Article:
Finally, you might consider setting up the integration activities as a joint effort by the HR teams of the two companies. Involving the HR team of the acquired company can provide deep insight into the acquired company as well as sorely needed additional resources. It also can increase the chance that target employees perceive the integration as fair to them.
Rule 4: use the unprecedented opportunity to change HR
The uncertainty and large-scale change in a short time period that organizations go through in a merger can have the paradoxical benefit of reducing the resistance to additional change. A commonly used analogy is that the organization is unfrozen for a few months after the acquisition.
This presents an opportunity to make long-desired changes to the HR function that may not previously have been possible due to internal resistance.
It may be as simple as using the requirement to deliver synergies as the reason to dust off the outstanding items on the to-do list from recent HR change programs that were only partly implemented. But more transformative change, such as a setting up a shared service center for transactional HR, may be required to meet the synergy targets. In many companies, this has been a desire for many years before the merger. The combination of additional scale from the combination of two HR functions and synergy requirements may be what finally creates enough momentum to make it happen.
Of course, the timing of HR transformation activities will need to be carefully considered in light of overall HR resource requirements (see Rule 3).
Rule 5: Don’t mess up execution
HR will be driving or closely involved in activities that not only have a significant impact on people, but are also seen as key indicators for how well the merger is progressing by both internal and external observers due to the visibility. That makes flawless execution all the more imperative.
To compound the challenge, HR often does not have control of all elements of many processes—think of business units that need to provide draft organization charts in an organization design process and employee representatives that have to be consulted.
Some surprises are avoidable, though. We know of one merger in which the announcement of the combined management team had to be postponed by one week because the originally announced timeline did not take into account the need to accommodate the partner conference(!) of the third-party recruiting firm that performed independent assessments of the executives. This anecdote shows the importance of carefully testing time plans before they are communicated. Proper testing requires input from a range of sources, often including experienced HR professionals or consultants and employment law specialists.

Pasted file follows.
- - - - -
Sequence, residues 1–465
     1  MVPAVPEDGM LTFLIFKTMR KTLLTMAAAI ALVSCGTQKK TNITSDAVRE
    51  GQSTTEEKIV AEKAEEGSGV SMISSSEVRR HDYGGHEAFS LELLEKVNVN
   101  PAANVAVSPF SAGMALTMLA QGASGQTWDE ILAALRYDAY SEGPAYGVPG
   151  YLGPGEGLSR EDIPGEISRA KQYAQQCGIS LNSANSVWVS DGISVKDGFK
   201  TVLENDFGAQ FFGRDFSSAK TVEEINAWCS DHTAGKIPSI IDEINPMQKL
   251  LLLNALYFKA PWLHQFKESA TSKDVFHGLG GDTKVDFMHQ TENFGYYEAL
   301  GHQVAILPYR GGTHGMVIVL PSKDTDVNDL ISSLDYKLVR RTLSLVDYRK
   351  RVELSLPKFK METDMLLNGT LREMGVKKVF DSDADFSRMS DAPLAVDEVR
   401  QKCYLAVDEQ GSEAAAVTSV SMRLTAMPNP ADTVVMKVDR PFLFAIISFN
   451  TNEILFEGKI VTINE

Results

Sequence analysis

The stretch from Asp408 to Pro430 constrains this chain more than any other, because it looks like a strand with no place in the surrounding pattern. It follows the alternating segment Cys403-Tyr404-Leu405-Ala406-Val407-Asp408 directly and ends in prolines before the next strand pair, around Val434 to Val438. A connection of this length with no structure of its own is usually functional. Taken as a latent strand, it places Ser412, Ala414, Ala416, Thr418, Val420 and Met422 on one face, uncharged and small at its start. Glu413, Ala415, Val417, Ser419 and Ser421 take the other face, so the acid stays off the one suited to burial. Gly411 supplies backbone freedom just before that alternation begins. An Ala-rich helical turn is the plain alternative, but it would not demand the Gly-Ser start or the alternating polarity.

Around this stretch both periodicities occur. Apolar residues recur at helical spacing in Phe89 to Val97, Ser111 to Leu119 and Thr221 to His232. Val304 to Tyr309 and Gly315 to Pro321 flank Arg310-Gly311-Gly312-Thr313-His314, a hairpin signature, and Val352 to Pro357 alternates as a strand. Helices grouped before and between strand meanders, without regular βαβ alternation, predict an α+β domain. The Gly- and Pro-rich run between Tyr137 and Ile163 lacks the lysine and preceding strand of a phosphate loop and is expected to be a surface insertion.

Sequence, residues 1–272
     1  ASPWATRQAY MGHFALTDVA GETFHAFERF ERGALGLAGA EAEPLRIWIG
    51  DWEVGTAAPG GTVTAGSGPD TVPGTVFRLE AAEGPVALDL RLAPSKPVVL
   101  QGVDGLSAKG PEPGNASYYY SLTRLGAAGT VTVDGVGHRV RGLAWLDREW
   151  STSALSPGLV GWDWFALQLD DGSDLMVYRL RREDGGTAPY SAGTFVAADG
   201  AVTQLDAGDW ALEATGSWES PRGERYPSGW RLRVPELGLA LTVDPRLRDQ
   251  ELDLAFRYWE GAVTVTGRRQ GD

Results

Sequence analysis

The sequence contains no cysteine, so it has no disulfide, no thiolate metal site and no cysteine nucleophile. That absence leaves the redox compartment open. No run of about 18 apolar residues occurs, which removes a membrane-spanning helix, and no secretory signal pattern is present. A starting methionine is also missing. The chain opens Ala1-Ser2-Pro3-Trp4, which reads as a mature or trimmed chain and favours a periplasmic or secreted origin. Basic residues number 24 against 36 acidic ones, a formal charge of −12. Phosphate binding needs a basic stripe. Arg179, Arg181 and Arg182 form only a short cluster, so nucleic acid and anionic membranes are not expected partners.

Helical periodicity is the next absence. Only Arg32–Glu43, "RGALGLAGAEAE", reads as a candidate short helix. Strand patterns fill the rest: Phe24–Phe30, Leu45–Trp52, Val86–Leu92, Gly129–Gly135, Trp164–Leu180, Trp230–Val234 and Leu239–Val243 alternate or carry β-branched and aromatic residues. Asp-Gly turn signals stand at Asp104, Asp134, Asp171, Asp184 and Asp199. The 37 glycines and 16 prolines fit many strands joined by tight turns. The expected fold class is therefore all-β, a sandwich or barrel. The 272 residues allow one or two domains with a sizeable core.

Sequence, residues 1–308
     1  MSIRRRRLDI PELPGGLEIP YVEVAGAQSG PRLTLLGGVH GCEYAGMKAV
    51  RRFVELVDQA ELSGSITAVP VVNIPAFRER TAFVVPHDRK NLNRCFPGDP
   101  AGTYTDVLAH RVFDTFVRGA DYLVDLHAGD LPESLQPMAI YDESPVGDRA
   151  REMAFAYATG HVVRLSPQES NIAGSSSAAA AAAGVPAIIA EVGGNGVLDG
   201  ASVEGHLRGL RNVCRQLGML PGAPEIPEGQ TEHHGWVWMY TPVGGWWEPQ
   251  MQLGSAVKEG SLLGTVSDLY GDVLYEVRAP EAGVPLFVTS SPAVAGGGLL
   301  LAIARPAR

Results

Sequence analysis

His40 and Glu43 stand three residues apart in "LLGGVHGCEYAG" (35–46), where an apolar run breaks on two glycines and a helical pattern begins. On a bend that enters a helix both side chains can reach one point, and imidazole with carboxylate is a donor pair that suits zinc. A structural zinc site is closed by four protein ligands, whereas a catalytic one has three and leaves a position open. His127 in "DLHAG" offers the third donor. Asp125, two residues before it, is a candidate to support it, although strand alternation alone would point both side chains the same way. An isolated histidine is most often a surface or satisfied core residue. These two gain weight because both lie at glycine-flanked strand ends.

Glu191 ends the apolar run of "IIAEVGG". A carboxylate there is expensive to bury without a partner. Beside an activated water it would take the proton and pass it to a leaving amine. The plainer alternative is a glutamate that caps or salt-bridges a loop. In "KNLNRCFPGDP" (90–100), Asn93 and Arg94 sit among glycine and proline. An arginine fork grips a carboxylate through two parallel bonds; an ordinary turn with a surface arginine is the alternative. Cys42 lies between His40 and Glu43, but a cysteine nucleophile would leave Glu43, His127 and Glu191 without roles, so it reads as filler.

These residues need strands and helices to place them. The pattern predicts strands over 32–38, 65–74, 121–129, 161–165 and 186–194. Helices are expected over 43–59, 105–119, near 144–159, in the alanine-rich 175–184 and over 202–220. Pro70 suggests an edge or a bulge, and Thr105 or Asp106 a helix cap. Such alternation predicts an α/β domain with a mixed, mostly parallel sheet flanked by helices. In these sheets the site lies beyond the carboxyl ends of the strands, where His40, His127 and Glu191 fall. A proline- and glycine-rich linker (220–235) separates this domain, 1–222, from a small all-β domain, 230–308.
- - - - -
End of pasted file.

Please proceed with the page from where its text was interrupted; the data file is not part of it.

Rule 6: Take care of your people
There is one final important rule with implications for the HR resources: Take care of them.
The monumental workload and pressures the HR team will experience during a merger will likely require more personal attention to the well-being of HR team members than what’s normally required during day-to-day business. To make sure that this is not forgotten in the intense heat of the battle, consider creating a regular check-in process. A simple tool such as the painometer (see Figure 1) is an effective trigger to discuss how people feel about the workload. In addition, simple gestures to celebrate successes—for example, taking the HR team to dinner to celebrate the completion of the first-wave organization design—often go a long way toward making people feel appreciated.
An HR executive’s daily job is no day at the beach during normal circumstances. Providing ad-hoc HR support to other executives, running an efficient HR function and getting the most out of the HR team are just some of the myriad challenges HR executives must address. During a merger, those challenges are intensified many times over, and are joined by others that many HR executives have no prior, direct personal experience with. Thus, it’s not a stretch to say that mergers, while difficult for all involved, are disproportionally challenging for HR functions.
By following the six simple rules just discussed, HR executives can actually better position themselves to turn the challenge of a merger into a raging success—for the company, for the HR team and for themselves.